Also Tywin Lannister hated him but that was nothing new.

Tyrion looked at his hands, too small for a man grown, softened from the blade that he had never learned and the reins that he had never held and felt like a little boy once more. All he wanted was to track down his big brother and have Jaime jape over his ink-stained fingers before making him a blueberry ice. Then he remembered that Jaime was in King's Landing and had killed the last dragon king and probably didn't know he was a dragon, else he would have despised him like all the rest.

'What am I to do then?' Tyrion's eyes wandered around his room. Every shelf and chest and wardrobe overflowed with books of his own, one even tucked under his bedsheet. There were books on dragons there, he knew. He had wanted so desperately to see a dragon one day but Jaime had told him that they were all dead and gone. 'Ha! Shows what you know, Brother! You had a dragon right in front of you and you didn't even know.'

A black dragon though, not a red-scaled one. Tyrion had often thought that all imps were bastards in their father's eye but he really was a bastard now. Unexpectedly, he found himself laughing at the idea. Now he had something to share with his nephews above them all riding the same-sized pony!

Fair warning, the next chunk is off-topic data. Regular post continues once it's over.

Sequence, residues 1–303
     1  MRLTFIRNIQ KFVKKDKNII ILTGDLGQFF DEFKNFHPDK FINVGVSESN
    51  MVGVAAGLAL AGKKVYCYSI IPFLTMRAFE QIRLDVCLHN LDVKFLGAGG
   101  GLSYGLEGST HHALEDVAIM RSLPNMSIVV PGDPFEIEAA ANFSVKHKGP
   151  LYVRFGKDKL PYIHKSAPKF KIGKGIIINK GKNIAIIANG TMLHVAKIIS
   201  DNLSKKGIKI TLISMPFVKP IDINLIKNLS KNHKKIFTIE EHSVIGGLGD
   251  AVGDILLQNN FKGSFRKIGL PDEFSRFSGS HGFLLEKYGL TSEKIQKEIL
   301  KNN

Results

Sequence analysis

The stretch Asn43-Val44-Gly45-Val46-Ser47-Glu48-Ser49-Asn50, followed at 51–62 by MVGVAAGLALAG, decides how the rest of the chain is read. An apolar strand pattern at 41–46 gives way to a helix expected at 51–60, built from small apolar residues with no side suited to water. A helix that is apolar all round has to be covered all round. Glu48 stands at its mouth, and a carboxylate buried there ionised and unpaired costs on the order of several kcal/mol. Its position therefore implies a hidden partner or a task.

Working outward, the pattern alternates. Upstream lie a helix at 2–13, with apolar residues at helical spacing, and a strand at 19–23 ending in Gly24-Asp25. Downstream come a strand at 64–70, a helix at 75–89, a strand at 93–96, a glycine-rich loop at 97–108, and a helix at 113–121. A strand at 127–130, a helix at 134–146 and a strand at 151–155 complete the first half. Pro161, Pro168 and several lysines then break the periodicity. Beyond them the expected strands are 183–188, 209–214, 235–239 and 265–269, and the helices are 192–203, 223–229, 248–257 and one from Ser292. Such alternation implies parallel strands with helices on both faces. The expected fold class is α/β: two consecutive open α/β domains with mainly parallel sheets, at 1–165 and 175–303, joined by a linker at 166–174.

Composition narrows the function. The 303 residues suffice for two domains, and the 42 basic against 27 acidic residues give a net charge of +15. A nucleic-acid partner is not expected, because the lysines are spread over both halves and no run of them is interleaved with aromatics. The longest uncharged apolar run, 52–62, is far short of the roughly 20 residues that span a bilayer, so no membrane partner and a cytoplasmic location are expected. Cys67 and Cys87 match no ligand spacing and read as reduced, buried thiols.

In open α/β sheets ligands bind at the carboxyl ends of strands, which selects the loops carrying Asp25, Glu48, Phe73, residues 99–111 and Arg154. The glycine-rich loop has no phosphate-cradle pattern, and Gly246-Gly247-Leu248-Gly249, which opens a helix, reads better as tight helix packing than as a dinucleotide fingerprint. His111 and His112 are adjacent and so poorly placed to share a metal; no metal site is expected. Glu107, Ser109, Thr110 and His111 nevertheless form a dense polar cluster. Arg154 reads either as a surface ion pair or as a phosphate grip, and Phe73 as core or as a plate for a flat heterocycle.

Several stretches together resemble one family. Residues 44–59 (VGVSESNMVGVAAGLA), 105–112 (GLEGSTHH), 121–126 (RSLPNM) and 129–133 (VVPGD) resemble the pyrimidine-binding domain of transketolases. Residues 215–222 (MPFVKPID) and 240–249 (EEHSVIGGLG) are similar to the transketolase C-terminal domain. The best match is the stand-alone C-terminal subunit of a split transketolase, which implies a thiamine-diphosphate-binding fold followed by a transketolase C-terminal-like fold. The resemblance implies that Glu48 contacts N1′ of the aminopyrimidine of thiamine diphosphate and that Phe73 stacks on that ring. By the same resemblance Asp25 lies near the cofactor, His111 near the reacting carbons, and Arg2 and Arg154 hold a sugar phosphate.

When the laughter died down, the dwarf's insides still felt giddy. A wild, almost mad, grin crossed his face as he spun around and around. Eventually he toppled to the ground and then his head felt dizzy and nauseous too. 'What am I to do now?'

Tyrion was well-inured to the effects of drink. He knew his Fa- Lord Tywin wouldn't recall the secrets that he had revealed. Should he simply stay silent and pretend not to have heard him then?

"I don't want to," the dwarf muttered petulantly. He looked up at the constellations that had been painted over his walls. There was once a time when he had dreamed of being a sailor and adventurer like his Uncle Gerion and had paid men to paint the stars for him to study each night. He would have been an excellent navigator. He knew all of them by heart: the Crone's Lantern, the Moonmaid, the King's Crown, the Ice Dragon…

Hmm, that niggled at something in his head. Ice Dragon? It's eye pointed north, didn't it? Uncle Gerion? He had given Tyrion a book by Lomas Longstrider on the sixteen wonders of the world. Most were in Essos but there was one close by in the North. A wall of ice one hundred leagues long and seven hundred feet high built by Bran the Builder. Bran was the founder of House Stark and Tyrion had a sudden urge to visit Winterfell, another one of the man's creations. He had the sudden belief that he would find something rare and wonderous there.